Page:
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Looks really good!
This is basically exactly what I have in mind for mine (someday in the future). I was thinking of cutting out the whole spare wheel well and welding in a new box, which will allow me to make it more rectangular as opposed to the rounded current shape. Your frame idea is making me rethink my plan.

What are your plans with the space on the left of the batteries? I'd like to add in a reserve fuel tank as well as a water tank somewhere under the floor too, with the batteries. I suspect that in my mind there is more space down there than there actually is.

Nice work. Really cool fuse/relay box too!

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Following with interest ... great idea ot use the sat nav shelf for whatever else comes handy!

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Thanks :)

I've seen the wheel well cut out for LPG installations, but I wasn't that brave and it seemed like more effort than it was worth in my case - but its certainly an option. Having a level base would make it a lot easier to mount things for sure!

The space on the left is reserved for storage of stuff - I was thinking of putting a divide below the 'vertical' brace, although I have changed my plan slightly, and am going to make some guides that hold a storage box in place instead. I've gone that route because actually, there is a nice space under the inverter cradle that my big tow rope sides in nicely, and my tyre compressor tucks in another spot etc. I'll take a picture of what I mean later - my batteries etc turn up today so I'm hoping to get those in and clamped down, and maybe finish the wiring under here.

I've also had another plan with regards to the outlets above the floor in the load space - I may now forego the sat nav trim and build something else... but Fusion 360 let me down yesterday so I need to mock that up again now!

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New batteries are in and the cabling is almost finished up. Few more to run in, but it won't look much different from how it is now:

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Few bits and pieces now living under here too. Tow rope hides under the inverter, accessible by lifting the grey box out which has the jump leads, shackles and goop cans etc in it. Tyre compressor tucked next to that. Gets all those bits out from the load space and they're not hard to get at when needed.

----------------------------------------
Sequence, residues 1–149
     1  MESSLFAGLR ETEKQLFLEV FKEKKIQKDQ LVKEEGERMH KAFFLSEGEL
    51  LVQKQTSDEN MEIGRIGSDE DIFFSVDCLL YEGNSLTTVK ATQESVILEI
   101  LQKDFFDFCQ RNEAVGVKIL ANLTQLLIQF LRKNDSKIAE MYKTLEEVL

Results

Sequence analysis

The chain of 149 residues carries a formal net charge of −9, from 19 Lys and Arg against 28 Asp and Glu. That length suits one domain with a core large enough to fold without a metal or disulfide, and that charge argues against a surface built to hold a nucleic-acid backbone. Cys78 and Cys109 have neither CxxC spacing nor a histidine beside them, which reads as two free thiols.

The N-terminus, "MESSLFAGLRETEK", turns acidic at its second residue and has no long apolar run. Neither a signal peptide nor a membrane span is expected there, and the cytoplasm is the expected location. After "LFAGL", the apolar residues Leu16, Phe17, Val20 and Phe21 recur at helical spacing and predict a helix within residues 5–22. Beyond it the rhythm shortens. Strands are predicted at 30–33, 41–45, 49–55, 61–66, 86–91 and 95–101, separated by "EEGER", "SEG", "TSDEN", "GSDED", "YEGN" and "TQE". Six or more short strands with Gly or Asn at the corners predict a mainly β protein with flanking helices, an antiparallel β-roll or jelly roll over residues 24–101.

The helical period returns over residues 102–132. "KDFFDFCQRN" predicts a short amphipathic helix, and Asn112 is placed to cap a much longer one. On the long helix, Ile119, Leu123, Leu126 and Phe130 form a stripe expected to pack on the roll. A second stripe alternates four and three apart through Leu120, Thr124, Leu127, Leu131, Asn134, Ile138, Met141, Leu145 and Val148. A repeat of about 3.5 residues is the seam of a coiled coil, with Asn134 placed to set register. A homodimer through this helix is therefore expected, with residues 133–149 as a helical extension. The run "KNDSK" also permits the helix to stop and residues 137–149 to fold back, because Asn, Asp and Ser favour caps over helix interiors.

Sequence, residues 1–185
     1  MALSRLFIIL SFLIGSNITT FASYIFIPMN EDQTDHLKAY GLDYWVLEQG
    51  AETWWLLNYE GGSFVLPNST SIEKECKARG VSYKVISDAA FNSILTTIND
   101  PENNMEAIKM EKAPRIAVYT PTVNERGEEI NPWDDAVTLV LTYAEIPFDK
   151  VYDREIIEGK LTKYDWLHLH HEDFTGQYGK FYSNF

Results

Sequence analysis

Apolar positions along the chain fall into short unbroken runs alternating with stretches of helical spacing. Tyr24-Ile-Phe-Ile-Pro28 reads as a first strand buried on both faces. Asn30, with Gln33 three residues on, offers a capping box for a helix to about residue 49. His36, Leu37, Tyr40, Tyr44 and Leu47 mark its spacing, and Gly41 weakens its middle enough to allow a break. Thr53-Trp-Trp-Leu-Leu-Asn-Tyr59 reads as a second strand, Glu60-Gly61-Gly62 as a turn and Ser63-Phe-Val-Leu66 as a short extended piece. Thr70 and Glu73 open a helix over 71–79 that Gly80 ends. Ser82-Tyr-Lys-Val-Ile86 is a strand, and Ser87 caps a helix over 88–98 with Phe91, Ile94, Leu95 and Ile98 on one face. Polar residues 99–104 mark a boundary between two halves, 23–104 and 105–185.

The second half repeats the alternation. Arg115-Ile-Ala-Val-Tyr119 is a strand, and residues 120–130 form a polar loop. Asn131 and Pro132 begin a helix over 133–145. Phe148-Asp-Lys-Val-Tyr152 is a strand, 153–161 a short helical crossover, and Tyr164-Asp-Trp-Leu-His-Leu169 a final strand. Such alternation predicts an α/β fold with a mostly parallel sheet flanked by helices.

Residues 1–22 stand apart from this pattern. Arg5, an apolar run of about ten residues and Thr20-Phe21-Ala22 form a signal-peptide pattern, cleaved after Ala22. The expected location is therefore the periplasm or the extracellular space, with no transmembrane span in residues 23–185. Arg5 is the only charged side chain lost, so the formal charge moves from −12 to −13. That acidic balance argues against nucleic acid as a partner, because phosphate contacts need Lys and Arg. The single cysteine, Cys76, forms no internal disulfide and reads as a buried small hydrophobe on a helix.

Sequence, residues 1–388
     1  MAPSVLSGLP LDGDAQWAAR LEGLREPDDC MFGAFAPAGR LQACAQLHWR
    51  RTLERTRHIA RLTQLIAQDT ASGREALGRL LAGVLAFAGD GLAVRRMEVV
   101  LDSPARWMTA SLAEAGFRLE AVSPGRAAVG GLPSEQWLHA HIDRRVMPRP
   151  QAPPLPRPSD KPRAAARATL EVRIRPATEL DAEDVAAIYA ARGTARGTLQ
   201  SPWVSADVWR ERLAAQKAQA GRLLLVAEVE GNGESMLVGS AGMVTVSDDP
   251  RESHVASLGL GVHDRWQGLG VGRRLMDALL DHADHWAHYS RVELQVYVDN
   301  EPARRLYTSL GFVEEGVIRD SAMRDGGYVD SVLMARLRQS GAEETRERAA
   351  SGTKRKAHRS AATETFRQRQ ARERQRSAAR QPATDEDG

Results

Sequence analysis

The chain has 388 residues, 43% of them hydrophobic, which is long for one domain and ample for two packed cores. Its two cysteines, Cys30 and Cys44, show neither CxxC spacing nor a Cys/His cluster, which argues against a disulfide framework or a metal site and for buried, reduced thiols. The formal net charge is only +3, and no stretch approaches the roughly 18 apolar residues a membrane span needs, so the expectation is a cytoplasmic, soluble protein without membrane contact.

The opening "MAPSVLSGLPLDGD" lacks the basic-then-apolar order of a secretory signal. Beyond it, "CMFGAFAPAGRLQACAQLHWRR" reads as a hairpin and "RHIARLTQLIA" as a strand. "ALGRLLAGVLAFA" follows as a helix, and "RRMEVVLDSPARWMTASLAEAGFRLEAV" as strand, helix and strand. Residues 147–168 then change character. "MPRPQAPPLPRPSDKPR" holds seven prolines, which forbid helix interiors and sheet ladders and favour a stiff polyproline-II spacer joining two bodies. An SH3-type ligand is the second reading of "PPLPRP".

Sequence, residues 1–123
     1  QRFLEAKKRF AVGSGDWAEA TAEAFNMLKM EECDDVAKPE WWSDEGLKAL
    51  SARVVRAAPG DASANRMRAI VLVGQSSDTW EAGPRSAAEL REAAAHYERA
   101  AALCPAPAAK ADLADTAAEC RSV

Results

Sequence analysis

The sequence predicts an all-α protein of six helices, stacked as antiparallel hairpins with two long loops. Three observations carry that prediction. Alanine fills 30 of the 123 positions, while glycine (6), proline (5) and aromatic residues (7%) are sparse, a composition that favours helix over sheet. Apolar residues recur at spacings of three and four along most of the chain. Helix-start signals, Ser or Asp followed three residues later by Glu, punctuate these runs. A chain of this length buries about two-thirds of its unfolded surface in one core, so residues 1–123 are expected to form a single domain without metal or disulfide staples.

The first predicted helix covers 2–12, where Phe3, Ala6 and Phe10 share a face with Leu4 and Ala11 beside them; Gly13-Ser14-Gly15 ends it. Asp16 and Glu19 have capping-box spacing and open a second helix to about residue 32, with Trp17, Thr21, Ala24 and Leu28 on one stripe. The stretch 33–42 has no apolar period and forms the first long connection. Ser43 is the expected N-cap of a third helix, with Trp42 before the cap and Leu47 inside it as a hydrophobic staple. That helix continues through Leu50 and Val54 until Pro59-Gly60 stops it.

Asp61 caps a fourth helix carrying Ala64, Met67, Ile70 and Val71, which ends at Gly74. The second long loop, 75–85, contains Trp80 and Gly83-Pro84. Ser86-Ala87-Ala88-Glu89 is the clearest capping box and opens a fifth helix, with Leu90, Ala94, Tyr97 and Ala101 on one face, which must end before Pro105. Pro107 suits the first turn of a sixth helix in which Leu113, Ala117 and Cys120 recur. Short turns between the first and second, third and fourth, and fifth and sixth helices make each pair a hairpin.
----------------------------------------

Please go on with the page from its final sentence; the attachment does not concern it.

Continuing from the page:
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Next job is the switch/socket panel and custom inverter control. Might? get that somewhat done by the weekend.

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Just needs a full-on set of amateur radios and a big fridge!

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Looks very neat, I like it! Definitely making me rethink my plan for the wheel well.

What is the unit on the right with the blue and white label/sticker? I assume it is the split charge unit?

Any plans to add solar in future?

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Fridge you say? Check ;) Had a Waeco compressor fridge for years - recently got a second slightly different dimension one (right), which is the one that will end up living in the back:

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Yes - the thing to the right of the batteries is a 140amp rated voltage sensing relay essentially. As the alternators as standard fit to the P38 and (mostly) on my M57 engine are 'standard' - in that they always aim to wang out 14+ volts, I don't need a fancy DC-DC charger like you would with a modern smart charging thing. The M57 alternator is ECU controlled, but it isn't deactivated for fuel saving or anything like that.

The VSR I'm using is a simple automatic unit with no option for manual bypassing - the little white 2 pin connector currently looped around the frame is a disconnect I put in its ground connection, so I can disable it if I want to - eg if I have the starter battery connected to my Ctek smart charger, that stops the VSR kicking in and also charging the two rear batteries. That might seem beneficial to charge all three - but the VSR itself draws some current, enough that can confuse a smart charger.

I have considered other options, or even fitting a multi-position rotary selector often found in Marine installations that would let me isolate, join or connect via the existing VSR etc - might look at that one day. The front to back cable is fused at 100 amps either end, so it wouldn't let me start the engine with a dead starting battery, but I could manually link them and let it self-charge for a bit and then attempt a start if I really had to. Alternatively, currently I'd get my Anderson jump leads and the car would give itself a reach around effectively ;)

If I ever end up with roof bars and a rack, I'd consider a solar panel with an MPPT charger for sure.